Rethink call on Bahrain Grand Prix decision

 

Pressure was mounting on the motorsport authorities today to reconsider the decision to go ahead with this year's Bahrain Grand Prix.

MP Richard Burden, who is active in Parliament on both the Middle East and motorsport, echoed yesterday's call by former world champion Damon Hill for Formula One governing body the FIA to think again about holding the race on April 22.

Mr Burden, Labour MP for Birmingham Northfield, said: "Damon Hill is right to call on the governing body of motorsport to rethink its decision to go ahead with this year's Bahrain Grand Prix.

"I say that as someone who is a motorsport nut as well as an MP with a keen interest in the Middle East.

"The inquiry which the Bahrain government set up into the events on its streets last year proved to be more independent than many expected and there is no doubt that there are those amongst the country's rulers seeking genuine reform. It is also true that not all the problems in Bahrain come from one side.

"In a context where genuine and sustainable reform is taking place, holding a grand prix could be a unifying event for the people of Bahrain as well as a positive showcase on the world stage. But things are not at that stage.

"Since February last year, 45 people have died on Bahrain's streets. The latest victim was killed by live ammunition only last week.

"Hundreds of protesters gathered at the cemetery near his home outside the capital, Manama. Reports say riot police fired tear gas and stun grenades into the crowds, setting off running street clashes."

He added: "Bahrain is nothing like as bad as the terrible situation in Syria. And F1 teams do race in other countries with unenviable human rights records.

"But that does not mean it is right for F1 to collude in presenting to the outside world a cocooned picture of normality at the Bahrain International Circuit, when what is likely to be going on just few miles outside the circuit could be very different indeed.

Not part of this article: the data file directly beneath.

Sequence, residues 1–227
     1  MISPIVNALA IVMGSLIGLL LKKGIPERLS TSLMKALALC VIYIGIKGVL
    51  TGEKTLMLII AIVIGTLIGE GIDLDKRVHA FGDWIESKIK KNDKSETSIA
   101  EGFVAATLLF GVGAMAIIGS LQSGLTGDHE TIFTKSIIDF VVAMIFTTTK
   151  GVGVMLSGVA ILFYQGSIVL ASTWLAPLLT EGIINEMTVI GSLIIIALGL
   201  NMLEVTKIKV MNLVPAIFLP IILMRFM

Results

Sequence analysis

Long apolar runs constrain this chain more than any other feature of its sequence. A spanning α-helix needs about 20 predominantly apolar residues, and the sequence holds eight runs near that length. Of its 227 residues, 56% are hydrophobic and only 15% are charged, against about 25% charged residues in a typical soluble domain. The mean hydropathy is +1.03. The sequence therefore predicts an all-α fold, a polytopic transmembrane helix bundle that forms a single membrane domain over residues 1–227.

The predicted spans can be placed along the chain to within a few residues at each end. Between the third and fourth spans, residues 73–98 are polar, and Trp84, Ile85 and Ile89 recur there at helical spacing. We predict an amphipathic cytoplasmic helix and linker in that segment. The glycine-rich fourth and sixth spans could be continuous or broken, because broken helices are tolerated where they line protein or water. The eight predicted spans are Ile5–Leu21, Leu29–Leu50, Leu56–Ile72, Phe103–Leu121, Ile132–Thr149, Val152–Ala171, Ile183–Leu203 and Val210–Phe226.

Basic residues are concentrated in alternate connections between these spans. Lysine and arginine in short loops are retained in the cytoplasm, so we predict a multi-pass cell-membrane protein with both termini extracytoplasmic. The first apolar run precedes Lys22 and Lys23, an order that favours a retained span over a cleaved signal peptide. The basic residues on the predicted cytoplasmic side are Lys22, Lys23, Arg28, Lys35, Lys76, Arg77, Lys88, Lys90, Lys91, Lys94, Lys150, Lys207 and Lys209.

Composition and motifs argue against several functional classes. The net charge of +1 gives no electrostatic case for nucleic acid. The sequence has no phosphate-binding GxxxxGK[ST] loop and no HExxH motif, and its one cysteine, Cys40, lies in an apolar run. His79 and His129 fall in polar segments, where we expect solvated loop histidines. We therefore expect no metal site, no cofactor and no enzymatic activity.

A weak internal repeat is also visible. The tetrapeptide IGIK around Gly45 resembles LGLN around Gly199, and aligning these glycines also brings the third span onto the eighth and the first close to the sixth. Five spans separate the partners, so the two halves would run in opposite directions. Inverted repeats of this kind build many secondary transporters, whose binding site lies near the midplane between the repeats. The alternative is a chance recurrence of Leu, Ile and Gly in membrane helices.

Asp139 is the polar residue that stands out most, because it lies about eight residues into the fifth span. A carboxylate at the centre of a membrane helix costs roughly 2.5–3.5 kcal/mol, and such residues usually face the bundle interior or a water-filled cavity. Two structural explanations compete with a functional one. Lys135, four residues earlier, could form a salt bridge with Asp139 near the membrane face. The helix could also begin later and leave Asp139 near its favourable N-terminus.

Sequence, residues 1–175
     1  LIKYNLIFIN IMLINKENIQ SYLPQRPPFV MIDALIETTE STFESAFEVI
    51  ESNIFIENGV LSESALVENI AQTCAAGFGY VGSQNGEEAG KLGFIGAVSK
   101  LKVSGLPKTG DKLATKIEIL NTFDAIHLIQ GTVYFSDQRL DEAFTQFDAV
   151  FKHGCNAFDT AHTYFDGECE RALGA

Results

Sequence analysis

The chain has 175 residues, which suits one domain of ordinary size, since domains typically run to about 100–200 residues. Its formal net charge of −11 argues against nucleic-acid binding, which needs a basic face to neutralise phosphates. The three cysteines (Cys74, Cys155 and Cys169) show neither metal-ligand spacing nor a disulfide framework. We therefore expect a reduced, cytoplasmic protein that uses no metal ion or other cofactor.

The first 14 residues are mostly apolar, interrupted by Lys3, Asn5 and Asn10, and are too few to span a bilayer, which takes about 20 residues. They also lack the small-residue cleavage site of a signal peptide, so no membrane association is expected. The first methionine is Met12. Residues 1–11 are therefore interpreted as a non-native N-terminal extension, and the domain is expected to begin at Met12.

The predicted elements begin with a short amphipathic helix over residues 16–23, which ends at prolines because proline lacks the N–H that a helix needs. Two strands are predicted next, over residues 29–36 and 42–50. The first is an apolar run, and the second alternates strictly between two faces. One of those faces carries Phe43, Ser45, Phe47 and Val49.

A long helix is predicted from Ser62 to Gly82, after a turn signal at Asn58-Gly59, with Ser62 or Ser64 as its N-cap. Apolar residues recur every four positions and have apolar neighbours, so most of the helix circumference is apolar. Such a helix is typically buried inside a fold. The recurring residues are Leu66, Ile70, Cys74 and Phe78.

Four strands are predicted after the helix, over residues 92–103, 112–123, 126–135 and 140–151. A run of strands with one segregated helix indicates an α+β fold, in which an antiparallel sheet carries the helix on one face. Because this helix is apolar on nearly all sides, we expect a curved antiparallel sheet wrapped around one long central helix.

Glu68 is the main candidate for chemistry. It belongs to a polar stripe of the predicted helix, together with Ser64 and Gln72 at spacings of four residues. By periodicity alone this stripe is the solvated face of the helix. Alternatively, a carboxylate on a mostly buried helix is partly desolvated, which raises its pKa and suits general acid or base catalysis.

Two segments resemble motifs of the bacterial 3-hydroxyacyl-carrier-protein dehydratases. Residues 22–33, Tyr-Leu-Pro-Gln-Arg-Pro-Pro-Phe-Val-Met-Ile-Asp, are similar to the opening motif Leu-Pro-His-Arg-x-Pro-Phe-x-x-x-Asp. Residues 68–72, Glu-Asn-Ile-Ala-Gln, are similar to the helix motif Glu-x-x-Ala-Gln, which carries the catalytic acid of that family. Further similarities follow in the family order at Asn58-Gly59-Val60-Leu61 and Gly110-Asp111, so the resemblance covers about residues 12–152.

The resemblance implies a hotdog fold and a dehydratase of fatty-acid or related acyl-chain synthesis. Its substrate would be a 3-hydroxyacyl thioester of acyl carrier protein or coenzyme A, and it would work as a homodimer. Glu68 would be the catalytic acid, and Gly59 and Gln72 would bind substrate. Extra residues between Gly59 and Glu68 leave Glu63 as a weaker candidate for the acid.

"In hindsight, the FIA should not have scheduled the 2012 race so early in the season. It was always going to be too early to know how far things had moved on in Bahrain since last year. F1 can't turn the clock back but, with three weeks to go before the race, it can still rethink. It should do so."

Hill was vocal a year ago at a time when the season-opening event was postponed in the wake of anti-government protests that resulted in a number of deaths before it was cancelled completely.

But following a visit to the Gulf kingdom earlier this year, alongside FIA president Jean Todt, he expressed his support and championed the positive aspects the race could bring to Bahrain.

Since then, though, the protests have continued, and Hill said yesterday: "What we must put above all else is what will be the penalty in terms of human cost if the race goes ahead.

"It would be a bad state of affairs, and bad for Formula One, to be seen to be enforcing martial law in order to hold the race.

"That is not what this sport should be about. Looking at it today, you'd have to say that the race could be creating more problems than it's solving."

Hill, now an expert summariser on Sky Sports F1, is not advocating the race be cancelled again, but he is expressing his misgivings given the situation, and calling on the FIA to "tread carefully".